Staying in Canada has helped Kylie Masse, who won the gold in the women’s 100-metre backstroke at the FISU Universide on July 7, get on a fast track to being world-class.
Joining the University of Toronto Varsity Blues meant Masse had a relatively easy commute to also train once a week with the High Performance Centre – Ontario at the new Toronto Pan Am Sports Centre. That helped Masse keep improving incrementally and be fresh for her first major international competition. The Lasalle, Ont., native’s winning time of 59.97 seconds in Gwangju, South Korea was the world’s ninth-fastest of 2015 and, for the time being, tops the personal bests of international such stars such as Sweden’s Sarah Sjostrom and the United States’ Natalie Coughlin.
Score one for swimming at home.
“I spent a lot of time going through schools in Canada and the States,” says Masse. “But it came down to just that I was going to feel more comfortable staying in Canada… U of T has a great athletic and academic ranking. I love training there and it’s an awesome atmosphere. I’ve been there the entire off-season and it’s really good.
“I really enjoy training there with U of T,” adds Masse, who attended National Team Trials in April. “They make practices really fun. Training with the High Performance Centre [under Ben Titley] once a week during the year has been really helpful.”
Masse’s gold was a microcosm of a whirlwind past 12 months where she has shaved nearly three full seconds off her personal best in 100-m backstroke. Her first year at Toronto was topped by winning four individual golds at the Ontario University Athletics championships and being named the conference’s top swimmer and top rookie. She erased three-time Olympian Joanne Malar’s two-decade-old OUA record in 200-metre individual medley.
“I thought she was the top recruit in the country last year and was filled with potential,” says Varsity Blues head coach Byron MacDonald,. “Kylie has certainly proven that prognosis correct. She has fast-tracked the improvement arc to now be ranked top 10 in the world, which is ahead of schedule — but certainly it’s a rewarding year for her.
“Kylie is one of the few swimmers that has tremendous feel for the water,” MacDonald adds. “Her technique is superb. And her work ethic is second to none. The speed she shows in workout is very impressive — usually she has to race the guys to get any competition. And it certainly helps that she is a born racer. We put her on our 4×200-m freestyle relay at the CI’s [CIS championships] and she dropped from a best time of 2:06 to 2:01-plus when she got into a great race.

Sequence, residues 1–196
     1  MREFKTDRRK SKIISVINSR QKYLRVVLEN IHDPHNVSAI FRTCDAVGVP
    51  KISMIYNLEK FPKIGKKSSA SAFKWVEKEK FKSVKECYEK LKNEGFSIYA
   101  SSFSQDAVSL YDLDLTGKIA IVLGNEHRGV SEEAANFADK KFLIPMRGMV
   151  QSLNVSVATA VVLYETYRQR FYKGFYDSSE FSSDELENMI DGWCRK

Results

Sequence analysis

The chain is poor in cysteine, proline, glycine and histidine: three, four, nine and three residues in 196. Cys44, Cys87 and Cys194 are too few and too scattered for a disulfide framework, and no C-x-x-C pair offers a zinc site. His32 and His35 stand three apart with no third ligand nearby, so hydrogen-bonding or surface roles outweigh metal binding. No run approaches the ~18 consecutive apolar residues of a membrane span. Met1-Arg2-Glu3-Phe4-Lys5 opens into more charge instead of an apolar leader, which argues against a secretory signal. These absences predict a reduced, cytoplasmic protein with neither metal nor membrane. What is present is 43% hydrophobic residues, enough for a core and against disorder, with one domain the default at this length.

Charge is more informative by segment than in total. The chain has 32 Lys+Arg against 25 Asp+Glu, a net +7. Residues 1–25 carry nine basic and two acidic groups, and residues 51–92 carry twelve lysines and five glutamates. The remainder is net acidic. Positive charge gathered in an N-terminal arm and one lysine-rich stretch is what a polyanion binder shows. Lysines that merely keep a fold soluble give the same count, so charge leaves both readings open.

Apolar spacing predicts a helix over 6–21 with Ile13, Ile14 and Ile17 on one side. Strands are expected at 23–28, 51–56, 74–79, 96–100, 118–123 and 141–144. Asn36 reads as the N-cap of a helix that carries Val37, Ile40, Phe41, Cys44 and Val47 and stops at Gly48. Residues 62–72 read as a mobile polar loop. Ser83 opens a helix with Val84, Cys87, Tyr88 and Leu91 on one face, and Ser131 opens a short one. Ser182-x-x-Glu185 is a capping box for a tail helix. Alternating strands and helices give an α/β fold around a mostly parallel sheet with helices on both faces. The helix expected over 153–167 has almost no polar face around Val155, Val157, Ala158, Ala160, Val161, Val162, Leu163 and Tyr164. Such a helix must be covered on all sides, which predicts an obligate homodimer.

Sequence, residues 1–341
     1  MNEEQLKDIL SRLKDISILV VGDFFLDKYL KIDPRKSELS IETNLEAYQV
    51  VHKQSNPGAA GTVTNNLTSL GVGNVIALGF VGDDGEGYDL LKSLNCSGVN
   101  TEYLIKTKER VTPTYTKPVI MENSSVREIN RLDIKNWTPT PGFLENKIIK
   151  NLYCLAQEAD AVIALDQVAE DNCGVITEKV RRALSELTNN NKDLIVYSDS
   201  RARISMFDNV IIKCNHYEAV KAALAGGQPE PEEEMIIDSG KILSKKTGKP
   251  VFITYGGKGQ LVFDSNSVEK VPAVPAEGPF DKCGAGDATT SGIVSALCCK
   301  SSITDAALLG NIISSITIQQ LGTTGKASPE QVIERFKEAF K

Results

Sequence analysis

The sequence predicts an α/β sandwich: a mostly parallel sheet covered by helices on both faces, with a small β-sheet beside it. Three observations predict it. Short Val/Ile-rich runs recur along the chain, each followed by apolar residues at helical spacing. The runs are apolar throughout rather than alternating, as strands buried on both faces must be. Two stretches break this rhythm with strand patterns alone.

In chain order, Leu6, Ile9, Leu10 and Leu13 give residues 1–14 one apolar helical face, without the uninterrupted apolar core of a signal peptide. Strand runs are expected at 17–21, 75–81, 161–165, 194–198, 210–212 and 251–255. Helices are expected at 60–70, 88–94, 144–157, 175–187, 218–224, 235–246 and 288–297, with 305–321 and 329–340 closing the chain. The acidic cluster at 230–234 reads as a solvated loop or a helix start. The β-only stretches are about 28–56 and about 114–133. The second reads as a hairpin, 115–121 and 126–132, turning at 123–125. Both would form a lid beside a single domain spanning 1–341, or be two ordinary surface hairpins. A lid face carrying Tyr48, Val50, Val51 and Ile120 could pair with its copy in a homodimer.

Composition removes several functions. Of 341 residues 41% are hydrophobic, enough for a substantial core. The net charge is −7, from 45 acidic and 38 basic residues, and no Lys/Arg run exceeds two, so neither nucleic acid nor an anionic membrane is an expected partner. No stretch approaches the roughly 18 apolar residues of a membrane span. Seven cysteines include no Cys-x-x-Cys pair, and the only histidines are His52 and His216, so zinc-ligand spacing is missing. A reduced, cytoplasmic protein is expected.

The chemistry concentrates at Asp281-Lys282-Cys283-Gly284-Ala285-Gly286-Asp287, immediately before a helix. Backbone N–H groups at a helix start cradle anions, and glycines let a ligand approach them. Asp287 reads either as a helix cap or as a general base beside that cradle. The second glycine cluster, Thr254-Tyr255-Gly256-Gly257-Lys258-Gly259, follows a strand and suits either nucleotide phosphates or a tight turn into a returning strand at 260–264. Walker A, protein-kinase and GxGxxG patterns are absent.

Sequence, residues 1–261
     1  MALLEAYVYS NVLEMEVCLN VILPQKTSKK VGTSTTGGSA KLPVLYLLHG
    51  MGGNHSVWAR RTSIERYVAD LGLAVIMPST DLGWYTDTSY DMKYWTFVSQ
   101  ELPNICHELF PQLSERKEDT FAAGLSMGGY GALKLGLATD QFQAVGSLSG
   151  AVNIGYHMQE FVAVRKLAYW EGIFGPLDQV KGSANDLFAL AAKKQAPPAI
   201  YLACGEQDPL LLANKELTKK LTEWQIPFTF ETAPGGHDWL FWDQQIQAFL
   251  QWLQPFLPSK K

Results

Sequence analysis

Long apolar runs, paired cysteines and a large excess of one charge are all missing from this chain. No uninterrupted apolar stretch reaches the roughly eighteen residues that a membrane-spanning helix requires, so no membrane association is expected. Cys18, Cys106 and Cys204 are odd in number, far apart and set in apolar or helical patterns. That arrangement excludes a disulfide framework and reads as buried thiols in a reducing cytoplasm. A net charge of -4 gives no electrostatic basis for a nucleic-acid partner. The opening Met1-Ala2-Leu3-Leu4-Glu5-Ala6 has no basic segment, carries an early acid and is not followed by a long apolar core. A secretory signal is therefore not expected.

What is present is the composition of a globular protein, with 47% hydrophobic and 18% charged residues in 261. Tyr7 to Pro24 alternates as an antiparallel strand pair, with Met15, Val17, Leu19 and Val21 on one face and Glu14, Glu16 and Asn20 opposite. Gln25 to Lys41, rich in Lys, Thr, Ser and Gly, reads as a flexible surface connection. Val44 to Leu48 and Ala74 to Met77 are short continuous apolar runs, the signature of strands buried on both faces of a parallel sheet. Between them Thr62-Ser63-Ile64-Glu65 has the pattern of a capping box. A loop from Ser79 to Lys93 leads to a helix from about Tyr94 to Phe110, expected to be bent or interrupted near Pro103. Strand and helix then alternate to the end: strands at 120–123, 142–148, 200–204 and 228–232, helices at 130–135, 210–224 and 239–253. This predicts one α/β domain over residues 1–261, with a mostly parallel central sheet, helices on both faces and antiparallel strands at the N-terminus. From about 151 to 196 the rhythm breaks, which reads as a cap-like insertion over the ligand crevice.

“Long term, she will vie for [national team] spots in the 100 butterfly and the freestyles and the 200 individual medley.”
Masse is modest about what will be the next stepping stone in her swim career, but the 2016 Canadian Olympic Trials are looming on the not that distant horizon.
“I’ll keep training and we’ll see. Next year, there’s Olympic Trials of course but the first thing after this is summer nationals.”
Masse is studying kinesiology at Toronto, making for a demanding course load on top of training and competing. She credits MacDonald and Varsity Blues assistant coach Linda Kiefer for putting her needs first.
“It was difficult at first but I think it’s important for each individual to find a balance,” Masse says. “Byron and Linda were great with that. Whenever they could tell I was too stressed with school they would allow me to take an afternoon off or study for an exam. There was never any pressure. They’re both personable people and very understanding and that was a huge assist to me succeeding, because I was able to communicate with them clearly.”
The Universiade is an important exposure for Masse. Journeying across 13 time zones to compete in Korea would seem to be an exercise in staying in the moment and not being weighed down by preconceived notions.
“I wasn’t sure where I would fall in the rankings or things like that so I came in with an open mind, ready to take on the experience and see where that would lead me,” Masse says of her approach before her gold-medal swim. “That day [Tuesday] I got as much sleep as I could after the morning [heats].
“I tried not to think about what was going on with the finals and I think that was important because you can get worked up sometimes
“It was really overwhelming,” she adds. “But I was also excited to wear the Maple Leaf and represent Canada.”